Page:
This testimony was delivered by Rev. Dr. Susan K. Smith – Vice Chair of the Ohio RCRC Board – in opposition to Senate Bill 164, legislation that would ban abortion if the doctor has knowledge that the pregnant woman is seeking the abortion in whole or in part because of a test result indicating Down syndrome.

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Chairman Burke, Vice Chairman Beagle, Ranking Member Tavares and members of the committee, thank you for allowing me to testify today in opposition to Senate Bill 164. My name is Rev. Dr. Susan K Smith, and I am currently the Vice Chair of the board for the Ohio Religious Coalition for Reproductive Choice.

As I think about this legislation, I think about “the least of these,” as all of us do. But I think of the least of these as those not being able to get the care they need to live productive lives once they are born.

My daughter is a licensed music therapist and works with children born with developmental problems, including Down syndrome. The treatment these children receive is highly specialized and technical, and it is expensive. When I visit my daughter’s school and see all of those precious children, I am always saddened, because I know many children born with developmental issues are not able to get specialized care. Many are born to young parents who do not have the economic resources to get their children proper treatment; many are born into poor families with limited education.

What more resourced and educated parents might be able to identify as a developmental issue, poorer and younger parents might not have that capacity. They are more likely to label their own children as “bad.” The children are disciplined, not encouraged. They are sent to schools where there are a host of problems, largely due to economic disparities, and these children get lost in the shuffle. They again are labeled “bad.” They are called “stupid” or worse, and even though they have developmental issues, the way they are treated causes them emotional distress. They end up feeling isolated and angry. Far too many, I am afraid, drop out of high school and end up on the streets, their condition or conditions never treated, and end up in the criminal justice system or dead.

What I have just stated is my concern about children born with developmental conditions who face all kinds of hardship once they are born. I cannot get away from my concern about them, because I have seen too much.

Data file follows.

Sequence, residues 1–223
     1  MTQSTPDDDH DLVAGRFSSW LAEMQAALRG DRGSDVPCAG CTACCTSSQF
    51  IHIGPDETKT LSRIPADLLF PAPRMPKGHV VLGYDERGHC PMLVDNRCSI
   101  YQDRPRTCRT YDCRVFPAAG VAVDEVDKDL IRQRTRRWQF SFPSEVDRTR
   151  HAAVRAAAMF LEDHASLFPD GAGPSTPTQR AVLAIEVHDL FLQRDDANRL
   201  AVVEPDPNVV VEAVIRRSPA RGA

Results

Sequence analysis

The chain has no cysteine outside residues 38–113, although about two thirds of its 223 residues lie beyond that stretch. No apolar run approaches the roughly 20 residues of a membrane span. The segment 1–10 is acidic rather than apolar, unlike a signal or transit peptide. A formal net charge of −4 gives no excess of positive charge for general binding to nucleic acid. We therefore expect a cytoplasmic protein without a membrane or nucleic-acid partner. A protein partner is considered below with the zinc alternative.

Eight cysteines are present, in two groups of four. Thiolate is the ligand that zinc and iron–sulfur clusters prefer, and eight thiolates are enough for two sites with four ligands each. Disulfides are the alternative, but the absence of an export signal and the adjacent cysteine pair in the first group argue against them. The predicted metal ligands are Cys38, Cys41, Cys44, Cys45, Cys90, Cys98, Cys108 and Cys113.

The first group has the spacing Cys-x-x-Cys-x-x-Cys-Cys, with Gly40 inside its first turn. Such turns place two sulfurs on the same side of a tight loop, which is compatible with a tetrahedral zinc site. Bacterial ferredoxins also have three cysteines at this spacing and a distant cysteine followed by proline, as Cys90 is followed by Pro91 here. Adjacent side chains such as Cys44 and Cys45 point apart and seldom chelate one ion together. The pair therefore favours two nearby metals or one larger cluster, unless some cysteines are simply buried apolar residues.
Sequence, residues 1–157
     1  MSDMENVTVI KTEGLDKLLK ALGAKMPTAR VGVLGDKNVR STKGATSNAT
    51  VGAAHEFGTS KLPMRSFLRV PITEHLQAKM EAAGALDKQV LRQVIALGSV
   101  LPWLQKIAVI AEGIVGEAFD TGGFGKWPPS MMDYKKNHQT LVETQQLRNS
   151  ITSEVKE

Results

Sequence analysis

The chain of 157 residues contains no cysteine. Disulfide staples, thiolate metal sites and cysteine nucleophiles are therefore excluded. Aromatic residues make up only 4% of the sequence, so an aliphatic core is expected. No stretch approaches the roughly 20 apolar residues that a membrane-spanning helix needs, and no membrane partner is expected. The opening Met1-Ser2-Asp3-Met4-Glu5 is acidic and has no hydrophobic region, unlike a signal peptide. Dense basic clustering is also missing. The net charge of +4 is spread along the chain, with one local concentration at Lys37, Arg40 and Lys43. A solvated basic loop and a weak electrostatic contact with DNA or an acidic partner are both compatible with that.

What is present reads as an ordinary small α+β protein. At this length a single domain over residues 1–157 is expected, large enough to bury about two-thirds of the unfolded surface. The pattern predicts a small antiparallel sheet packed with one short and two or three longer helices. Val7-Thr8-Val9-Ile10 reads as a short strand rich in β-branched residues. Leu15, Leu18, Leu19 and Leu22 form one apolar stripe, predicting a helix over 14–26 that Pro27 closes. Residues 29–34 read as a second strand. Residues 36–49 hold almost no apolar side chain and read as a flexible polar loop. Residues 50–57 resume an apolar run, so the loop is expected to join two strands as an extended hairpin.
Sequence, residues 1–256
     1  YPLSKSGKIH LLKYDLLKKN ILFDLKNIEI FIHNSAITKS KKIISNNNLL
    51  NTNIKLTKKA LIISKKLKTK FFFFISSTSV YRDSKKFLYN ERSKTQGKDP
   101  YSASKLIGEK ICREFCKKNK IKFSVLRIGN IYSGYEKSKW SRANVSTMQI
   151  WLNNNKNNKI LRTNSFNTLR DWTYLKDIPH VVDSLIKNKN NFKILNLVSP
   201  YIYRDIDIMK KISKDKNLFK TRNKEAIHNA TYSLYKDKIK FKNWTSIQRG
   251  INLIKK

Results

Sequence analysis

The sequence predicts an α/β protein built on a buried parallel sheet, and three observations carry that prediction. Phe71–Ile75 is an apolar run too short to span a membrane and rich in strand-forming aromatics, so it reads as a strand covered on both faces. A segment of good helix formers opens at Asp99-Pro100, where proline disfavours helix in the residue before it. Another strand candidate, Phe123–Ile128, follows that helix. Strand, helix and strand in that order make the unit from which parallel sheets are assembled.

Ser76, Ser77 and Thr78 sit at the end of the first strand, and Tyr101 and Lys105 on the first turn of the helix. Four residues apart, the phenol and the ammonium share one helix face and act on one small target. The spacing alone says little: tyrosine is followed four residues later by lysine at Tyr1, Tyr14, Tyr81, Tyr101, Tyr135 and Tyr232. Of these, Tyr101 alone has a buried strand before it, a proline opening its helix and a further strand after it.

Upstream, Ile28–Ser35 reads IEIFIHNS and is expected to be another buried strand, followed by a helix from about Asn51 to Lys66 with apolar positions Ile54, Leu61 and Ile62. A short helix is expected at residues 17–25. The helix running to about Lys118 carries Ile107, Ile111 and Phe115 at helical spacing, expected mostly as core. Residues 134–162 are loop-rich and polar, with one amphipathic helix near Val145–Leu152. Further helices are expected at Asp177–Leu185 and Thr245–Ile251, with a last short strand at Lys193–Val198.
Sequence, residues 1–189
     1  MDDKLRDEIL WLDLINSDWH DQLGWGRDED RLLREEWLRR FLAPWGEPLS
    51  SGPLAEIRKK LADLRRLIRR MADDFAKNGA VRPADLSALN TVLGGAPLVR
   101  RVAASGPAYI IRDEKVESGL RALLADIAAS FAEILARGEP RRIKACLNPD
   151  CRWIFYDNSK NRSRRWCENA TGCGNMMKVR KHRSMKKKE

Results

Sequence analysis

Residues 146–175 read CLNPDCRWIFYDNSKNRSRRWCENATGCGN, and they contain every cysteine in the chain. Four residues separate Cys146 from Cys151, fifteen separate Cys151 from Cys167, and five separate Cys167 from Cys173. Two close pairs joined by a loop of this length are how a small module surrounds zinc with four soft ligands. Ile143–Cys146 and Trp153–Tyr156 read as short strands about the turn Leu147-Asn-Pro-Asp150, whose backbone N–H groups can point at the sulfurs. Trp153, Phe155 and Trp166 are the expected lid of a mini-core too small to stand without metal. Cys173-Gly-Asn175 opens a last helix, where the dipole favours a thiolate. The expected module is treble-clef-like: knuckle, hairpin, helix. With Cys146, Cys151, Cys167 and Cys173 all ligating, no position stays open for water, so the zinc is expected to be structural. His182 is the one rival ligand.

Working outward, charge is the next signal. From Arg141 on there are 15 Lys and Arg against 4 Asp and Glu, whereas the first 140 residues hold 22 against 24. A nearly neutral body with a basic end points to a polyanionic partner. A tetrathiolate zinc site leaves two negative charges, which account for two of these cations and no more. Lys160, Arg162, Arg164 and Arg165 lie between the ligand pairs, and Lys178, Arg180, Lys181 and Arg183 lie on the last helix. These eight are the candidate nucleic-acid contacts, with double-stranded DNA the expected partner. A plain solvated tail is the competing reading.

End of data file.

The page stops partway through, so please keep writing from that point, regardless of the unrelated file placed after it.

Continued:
But I am also concerned about this bill that would ban abortion if the doctor has knowledge that the pregnant woman seeking abortion is asking for it because she has learned that her unborn child may be born with Down syndrome. I keep thinking, not about the well-informed mother-to-be who might dread the thought of taking care of a child with great medical needs, but about the poor mother who knows that she will not be able to afford to get her child the care he or she will need. Because of what I have seen in terms of how poor pregnant women are treated, I am not sure that many of them would even be told of such a possibility for their child. But if these women, critically under-resourced, are told, I keep wondering what their options are? Poor women love their children as much as do women who are better off financially, but they are strapped, often working two to three jobs just to make ends meet. That kind of life does not allow extra money for the specialized care a child with Down syndrome might need and, frankly, deserves.

These women rely on Medicaid, but the Ohio Senate is considering veto overrides that have already passed the House and which would dismantle Medicaid expansion in Ohio. That would be devastating for poor women (many of whom are disproportionately women of color) who would use Medicaid funds to help take care of complicated health needs their children might have.

According to the Ohio Coalition for the Education of Children with Disabilities, special education funding fell $210 million short of what was needed. That is a serious problem. Add to that the fact that many poor mothers do not have adequate paid leave which is needed to attend to the needs of a sick or developmentally compromised child. Many, many poor mothers have jobs which do not include a provision for compassion. Poor mothers often have to make a choice as to whether they will leave work and risk losing their jobs in order to take care of a special-needs child, or just throw the child into school and hope for the best.

That being said, this bill goes straight to the heart of this problem. If a doctor tells a mother she may have a child with Down syndrome and she decides she cannot do it, under this bill she has no options. If a doctor provides an abortion for a woman because she has been told her child will be born with Down syndrome, that doctor can be charged with a 4th degree felony and can have his/her license revoked. Women who make the gut-wrenching decision to have an abortion because they feel they cannot afford to take care of a special-needs children are the ultimate losers under this bill – as are their children. The society ultimately loses, too, because poor, sick, untreated babies grow up to be poor, sick, untreated adults. They suffer as children and as adults, and as they act out in antisocial behavior, the society suffers as well.

Were the playing field level, with all disabled children able to get the kind of care the children my daughter works with, my passion on this would not be so great. I have seen how the children she works with flourish with the care they receive and, on the other hand, I see how poor children, with the same issues, are labeled and cast into a place of dishonor, suffering, and pain.

Chairman Burke, Vice Chair Beagle, Ranking Member Tavares, and members of the committee, thank you for giving me the opportunity to speak. I am happy to answer any question you may have.